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Adirondacks’ future relies on greater diversity

Adirondacks’ future relies on greater diversity

The ultimate saving grace of the Adirondacks might not be found in setting aside more land from deve

“In diversity, there is beauty and there is strength.”

— Maya Angelou

The ultimate saving grace of the Adirondacks might not be found in setting aside more land from development, banning ATVs from the Forest Preserve or wiring it for the Internet, but in expanding the diversity of the people who visit and live there.

If you visit the Adirondacks or skim through regional magazines, the color you see, besides green, is decidedly and uniformly white. Caucasians, and particularly Caucasian males, dominate the human landscape of the Adirondacks, as U.S. Census data can affirm.

As New York’s population continues to shift away from a white majority and becomes more racially, culturally and socially diverse, the Adirondacks must embrace and encourage a similar adaptation in order to stay alive.

With diversity comes new ideas, a variety of perspectives, new energy and greater acceptance of one another. Through diversity, we tear down boundaries among people, expose ourselves to new thoughts, invite new intellect and create new partnerships.

If culturally and racially diverse populations of the state aren’t introduced to the Adirondacks — and therefore don’t become interested in its benefits, challenges and solutions — the park may become neglected or forgotten by the future generations of citizens and political leaders who will be needed to bring attention and money to the region.

And if that happens, we all lose.

In recent years, an effort has slowly been growing among Adirondackers to encourage more diversity.

Among those individuals leading the call for diversity is Pete Nelson of Saranac Lake, who writes frequently and eloquently on the topic and who is one of the founders of the Adirondack Diversity Advisory Council.

The council is heavily involved in promoting diversity in the park through initiatives, forums and training seminars that include topics such as education, transportation, youth pipelines, arts and culture. For each of the past two summers, the council has hosted a diversity symposium in Newcomb, bringing together a wide variety of voices to help promote the discussion of diversity in the Adirondacks.

The late Yusuf Burgess, a Vietnam veteran and ex-con who lived in Albany, was a tireless advocate of promoting the tranquility and healing power of the wilderness. Once employed at Green Tech High Charter School and the Albany Boys and Girls Club, he regularly brought minority children from the city to the Adirondacks before his death in December 2014.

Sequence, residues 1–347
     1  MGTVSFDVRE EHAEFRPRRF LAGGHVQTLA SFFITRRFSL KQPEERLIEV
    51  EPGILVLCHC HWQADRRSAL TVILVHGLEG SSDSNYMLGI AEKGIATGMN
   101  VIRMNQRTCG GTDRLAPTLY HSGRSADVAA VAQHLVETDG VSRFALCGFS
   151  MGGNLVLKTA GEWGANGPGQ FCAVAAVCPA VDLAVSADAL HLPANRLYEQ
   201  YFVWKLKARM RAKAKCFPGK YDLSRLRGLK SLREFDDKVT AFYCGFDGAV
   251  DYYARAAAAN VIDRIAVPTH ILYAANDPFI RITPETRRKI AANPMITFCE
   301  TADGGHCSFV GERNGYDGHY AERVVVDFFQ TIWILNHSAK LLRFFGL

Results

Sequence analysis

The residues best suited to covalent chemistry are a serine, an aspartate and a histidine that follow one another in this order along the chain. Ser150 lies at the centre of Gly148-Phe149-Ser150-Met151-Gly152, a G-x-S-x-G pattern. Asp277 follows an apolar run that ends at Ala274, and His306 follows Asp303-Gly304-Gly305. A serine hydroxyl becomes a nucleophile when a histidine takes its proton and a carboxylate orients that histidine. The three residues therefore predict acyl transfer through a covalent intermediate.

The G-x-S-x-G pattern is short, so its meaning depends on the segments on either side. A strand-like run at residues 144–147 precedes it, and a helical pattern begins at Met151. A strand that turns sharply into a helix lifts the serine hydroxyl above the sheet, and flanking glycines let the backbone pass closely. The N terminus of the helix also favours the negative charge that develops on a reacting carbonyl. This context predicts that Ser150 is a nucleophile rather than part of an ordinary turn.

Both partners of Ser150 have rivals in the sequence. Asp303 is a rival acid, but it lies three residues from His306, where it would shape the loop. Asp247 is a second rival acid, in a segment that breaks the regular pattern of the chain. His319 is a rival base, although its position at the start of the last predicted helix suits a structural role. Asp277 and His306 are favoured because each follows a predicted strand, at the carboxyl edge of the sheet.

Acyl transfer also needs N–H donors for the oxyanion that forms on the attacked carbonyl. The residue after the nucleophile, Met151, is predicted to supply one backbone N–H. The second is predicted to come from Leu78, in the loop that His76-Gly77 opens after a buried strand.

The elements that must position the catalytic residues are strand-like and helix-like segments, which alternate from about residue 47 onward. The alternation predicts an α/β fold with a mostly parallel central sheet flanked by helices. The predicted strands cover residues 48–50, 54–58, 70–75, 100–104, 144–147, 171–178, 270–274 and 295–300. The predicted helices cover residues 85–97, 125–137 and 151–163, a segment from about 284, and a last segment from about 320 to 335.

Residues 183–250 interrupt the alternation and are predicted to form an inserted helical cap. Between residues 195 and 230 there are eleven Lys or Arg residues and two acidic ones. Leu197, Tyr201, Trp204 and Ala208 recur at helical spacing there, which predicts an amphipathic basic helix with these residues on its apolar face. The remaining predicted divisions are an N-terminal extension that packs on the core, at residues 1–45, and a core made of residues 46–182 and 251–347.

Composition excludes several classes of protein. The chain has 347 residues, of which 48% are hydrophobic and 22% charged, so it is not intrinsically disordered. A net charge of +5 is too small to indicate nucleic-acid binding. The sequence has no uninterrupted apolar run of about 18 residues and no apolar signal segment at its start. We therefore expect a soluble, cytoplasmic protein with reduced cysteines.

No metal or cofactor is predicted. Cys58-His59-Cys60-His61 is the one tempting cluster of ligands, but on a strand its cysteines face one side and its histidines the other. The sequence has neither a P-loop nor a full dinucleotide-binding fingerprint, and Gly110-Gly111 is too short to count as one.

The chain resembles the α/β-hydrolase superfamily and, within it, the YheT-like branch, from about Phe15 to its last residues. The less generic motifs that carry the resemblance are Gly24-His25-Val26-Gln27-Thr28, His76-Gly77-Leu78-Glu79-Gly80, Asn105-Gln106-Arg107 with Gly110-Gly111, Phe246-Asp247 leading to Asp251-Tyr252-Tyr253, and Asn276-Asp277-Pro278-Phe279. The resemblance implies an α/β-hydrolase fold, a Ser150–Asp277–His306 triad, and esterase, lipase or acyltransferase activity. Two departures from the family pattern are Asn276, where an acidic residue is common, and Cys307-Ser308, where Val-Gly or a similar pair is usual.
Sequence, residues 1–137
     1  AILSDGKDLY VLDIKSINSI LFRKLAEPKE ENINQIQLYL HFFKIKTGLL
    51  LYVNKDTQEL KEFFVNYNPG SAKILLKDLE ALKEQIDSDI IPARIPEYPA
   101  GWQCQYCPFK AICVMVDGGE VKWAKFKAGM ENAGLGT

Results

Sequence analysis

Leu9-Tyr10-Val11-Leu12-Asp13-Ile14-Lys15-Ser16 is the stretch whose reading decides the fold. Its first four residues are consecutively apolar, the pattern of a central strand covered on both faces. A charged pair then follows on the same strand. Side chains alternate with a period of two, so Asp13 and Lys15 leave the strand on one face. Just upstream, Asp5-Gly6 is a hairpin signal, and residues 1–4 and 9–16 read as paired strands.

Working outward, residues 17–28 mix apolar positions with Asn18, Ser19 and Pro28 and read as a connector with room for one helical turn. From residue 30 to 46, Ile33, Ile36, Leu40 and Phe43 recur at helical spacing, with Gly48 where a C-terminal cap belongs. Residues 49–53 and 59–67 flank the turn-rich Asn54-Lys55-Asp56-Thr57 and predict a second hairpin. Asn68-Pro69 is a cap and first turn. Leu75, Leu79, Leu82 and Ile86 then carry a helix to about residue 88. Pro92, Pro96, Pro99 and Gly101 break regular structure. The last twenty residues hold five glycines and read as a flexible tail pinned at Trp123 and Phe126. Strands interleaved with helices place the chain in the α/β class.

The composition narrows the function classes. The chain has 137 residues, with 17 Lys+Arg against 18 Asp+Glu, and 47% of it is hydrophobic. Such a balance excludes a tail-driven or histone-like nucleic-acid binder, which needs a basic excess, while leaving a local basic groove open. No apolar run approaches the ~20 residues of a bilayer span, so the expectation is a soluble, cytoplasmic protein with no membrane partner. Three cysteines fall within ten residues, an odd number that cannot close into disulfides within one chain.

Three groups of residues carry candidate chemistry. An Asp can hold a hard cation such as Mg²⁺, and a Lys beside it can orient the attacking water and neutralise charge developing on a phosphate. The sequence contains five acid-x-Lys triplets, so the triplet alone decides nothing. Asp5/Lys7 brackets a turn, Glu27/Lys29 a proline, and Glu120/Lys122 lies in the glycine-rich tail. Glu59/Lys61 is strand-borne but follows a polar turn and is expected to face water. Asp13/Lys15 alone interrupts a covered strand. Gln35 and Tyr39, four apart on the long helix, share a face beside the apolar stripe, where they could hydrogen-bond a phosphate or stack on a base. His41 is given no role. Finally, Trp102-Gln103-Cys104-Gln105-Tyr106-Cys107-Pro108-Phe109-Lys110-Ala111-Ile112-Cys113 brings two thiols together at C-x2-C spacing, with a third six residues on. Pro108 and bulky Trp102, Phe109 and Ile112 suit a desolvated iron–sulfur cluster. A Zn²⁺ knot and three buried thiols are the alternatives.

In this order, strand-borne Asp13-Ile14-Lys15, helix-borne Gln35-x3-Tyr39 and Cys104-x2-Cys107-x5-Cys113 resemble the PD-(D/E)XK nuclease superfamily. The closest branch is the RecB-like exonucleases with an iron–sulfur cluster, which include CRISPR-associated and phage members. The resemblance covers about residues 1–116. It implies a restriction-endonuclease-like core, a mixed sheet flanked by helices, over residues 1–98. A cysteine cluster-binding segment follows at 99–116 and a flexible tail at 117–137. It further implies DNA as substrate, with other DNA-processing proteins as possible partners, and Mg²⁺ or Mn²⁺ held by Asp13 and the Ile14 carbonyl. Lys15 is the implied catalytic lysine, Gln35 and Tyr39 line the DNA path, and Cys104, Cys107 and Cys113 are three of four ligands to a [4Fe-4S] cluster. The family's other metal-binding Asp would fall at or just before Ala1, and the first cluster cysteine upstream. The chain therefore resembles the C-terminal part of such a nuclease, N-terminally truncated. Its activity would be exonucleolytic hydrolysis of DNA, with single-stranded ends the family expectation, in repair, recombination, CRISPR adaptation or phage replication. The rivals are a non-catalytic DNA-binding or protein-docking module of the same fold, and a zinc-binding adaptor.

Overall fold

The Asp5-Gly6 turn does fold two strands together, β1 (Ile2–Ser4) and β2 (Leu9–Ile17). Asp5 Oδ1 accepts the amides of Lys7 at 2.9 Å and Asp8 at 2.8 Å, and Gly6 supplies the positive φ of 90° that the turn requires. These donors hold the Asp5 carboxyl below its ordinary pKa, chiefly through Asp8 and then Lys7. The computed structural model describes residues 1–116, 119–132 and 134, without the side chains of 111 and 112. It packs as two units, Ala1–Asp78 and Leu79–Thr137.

Social activist Kelly Metzgar helped bring transgender health care services to the North Country, serving a population that had been ignored in the Adirondacks.

And several local groups, including Adirondack Futures, the Common Ground Alliance and the Regional Office of Sustainable Tourism have expressed support for the diversification of the Adirondacks.

But it’s not only local individuals and groups that recognize the importance of diversifying the Adirondacks.

The state Department of Environmental Conservation, which manages public lands in the 6-million-acre Adirondack Park and provides forest rangers and resource professionals for the region, also recognizes the need for diversity.

It has demonstrated that through programs to expose more minorities to the outdoors, particularly children. For instance, for the past decade, the agency has sponsored a Campership Diversity Program to help prepare urban youth for rural activities. The agency’s theory is that kids who are exposed to nature grow up to be adults who seek out and enjoy nature. These individuals not only will visit the Adirondacks for recreation, but through their exposure to its amenities will fill jobs, establish businesses, and become actively involved in preserving the Adirondacks.

Bringing diversity to the Adirondacks isn’t a simple or easy task. And it can’t take place in a vacuum. It needs to come about in concert with current efforts to protect the environment and to build the Adirondack economy.

But it needs to happen. If the Adirondacks are to have a future, diversity must move more urgently from the discussion phase to the action phase.

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